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    re: "Certain Orthodox religious groups with a presence in Israel, such as Neturei Karta and to a lesser degree Satmar, are known for holding anti-Zionist views." That's offensive. The connection to the land of Israel is one of the central tenants of Judaism. The fact that some fringe groups try to dismiss its importance doesn't change the mainstream views of Judaism as a religion. Please, rephrase the question in a way that does not challenge the views which are central to Judaism as a religion.
    – wrod
    Mar 30 at 10:29

2 Answers 2


Israel has pretty strong left wing and extreme left wing, as manifested by Israelis support for parties like Hadash, or organizations such as B'Tzelem, Breaking the silence and so on. The extreme left may particularly support one-state solution (popular among European and American left, but contrary to the two-state solution supported internationally by most western and even Arab states.)

This also can be seen from reading mainstream Israeli media, such as Haaretz (the Israeli equivalent of New York Times/Guardian/LeMonde, available in Hebrew and English.)

However, one should not confuse criticizing Israeli government and policies with criticizing "Israel" itself: even the leftiest Israelis do expect that in the end they will live in peace and security alongside Palestinians - none of them is planning to "move back to Poland" or elsewhere, as some Israeli "critics" occasionally suggest. Particularly not those who were born in Israel, especially in second or third generation.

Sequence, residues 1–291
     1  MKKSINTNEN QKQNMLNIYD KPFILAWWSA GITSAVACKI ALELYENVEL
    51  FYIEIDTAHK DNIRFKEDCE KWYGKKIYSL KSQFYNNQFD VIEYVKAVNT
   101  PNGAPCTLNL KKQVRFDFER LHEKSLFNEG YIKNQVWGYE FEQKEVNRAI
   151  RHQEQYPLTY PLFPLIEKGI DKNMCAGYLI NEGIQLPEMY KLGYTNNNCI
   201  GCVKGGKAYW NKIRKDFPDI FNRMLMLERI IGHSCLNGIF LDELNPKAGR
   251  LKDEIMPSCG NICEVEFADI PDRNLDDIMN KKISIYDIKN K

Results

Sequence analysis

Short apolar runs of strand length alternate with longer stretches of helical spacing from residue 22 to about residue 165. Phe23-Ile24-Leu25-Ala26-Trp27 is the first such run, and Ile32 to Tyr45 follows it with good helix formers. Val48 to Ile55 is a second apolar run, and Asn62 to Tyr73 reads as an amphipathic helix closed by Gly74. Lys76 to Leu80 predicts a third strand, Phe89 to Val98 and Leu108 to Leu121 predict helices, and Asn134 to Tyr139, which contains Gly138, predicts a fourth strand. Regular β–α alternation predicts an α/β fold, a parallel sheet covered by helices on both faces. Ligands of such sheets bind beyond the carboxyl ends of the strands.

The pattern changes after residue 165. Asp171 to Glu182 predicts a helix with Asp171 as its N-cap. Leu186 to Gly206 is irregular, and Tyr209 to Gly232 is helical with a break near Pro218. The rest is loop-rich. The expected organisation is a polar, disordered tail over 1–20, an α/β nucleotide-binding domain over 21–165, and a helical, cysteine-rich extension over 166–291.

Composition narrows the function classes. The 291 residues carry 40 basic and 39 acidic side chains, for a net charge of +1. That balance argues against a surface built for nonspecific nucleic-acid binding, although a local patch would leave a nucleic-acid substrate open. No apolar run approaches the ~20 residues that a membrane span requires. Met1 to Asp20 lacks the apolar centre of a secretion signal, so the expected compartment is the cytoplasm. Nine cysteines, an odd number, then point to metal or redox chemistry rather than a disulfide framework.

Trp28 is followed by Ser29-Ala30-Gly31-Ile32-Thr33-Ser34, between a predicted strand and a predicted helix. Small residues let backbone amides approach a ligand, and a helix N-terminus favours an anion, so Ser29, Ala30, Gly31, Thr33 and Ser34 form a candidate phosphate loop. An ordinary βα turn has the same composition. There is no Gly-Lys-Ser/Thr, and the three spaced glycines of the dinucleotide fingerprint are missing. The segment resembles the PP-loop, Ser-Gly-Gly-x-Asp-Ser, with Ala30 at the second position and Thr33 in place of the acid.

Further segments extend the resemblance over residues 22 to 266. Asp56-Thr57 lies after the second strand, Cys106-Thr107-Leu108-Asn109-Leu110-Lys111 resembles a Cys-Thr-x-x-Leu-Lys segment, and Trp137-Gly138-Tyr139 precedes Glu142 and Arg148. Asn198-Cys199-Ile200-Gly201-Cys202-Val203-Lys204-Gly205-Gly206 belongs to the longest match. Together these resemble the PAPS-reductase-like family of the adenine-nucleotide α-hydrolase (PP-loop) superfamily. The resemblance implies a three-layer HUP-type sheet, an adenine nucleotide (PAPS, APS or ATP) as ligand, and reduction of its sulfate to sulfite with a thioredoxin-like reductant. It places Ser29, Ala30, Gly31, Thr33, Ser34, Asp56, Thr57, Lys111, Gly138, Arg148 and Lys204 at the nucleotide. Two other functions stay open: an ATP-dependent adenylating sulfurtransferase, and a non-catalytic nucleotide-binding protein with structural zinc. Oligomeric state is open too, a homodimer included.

There are also many prominent Israelis, critical of the government, but nevertheless supportive of their country - like Natalie Portman.

One thing to keep in mind is that only 73% of Israelis are of Jewish origin - the rest are mostly Palestinian Arabs and other ethnic groups, such as Druze, Arameans, Armenians, etc. Palestinian Israelis are often critical of their country, as can be seen by their representation in the Parliament, which until recently consistently refused to join any government coalitions. Some of the Arab politician voice publicly the views as extreme as those of BDS like Haneen Zoabi. enter image description here

Political composition
In addition to Palestinian parties, there are also mixed Arab-Israeli party Hadash. There are also Palestinian members of what is traditionally considered Jewish parties - like Ghaida Rinawie Zoabi, who is a member of Meretz, the party of Jewish intellectuals.

The rest of the political spectrum is split among more mainstream left, right, and religious parties (unlike in the US, religious and right-wing views are not necessarily linked - in the past religious parties also took part in left-wing governing coalitions.)

The full breakdown of vote for various parties can be found on Wikipedia: 2022 Israeli legislative election.

It is necessary to note that political participation nearly excludes adopting BDS positions (with some exceptions in the Palestinian Parties and Hadash.) Indeed, Zionism is Jewish movement for national independence, and participating in the political system of the Jewish state means being a Zionist. In this sense opposition to Zionism is opposition to the existence of the Jewish state, a member of the United Nations, recognized by significant number of countries, including all of the western world.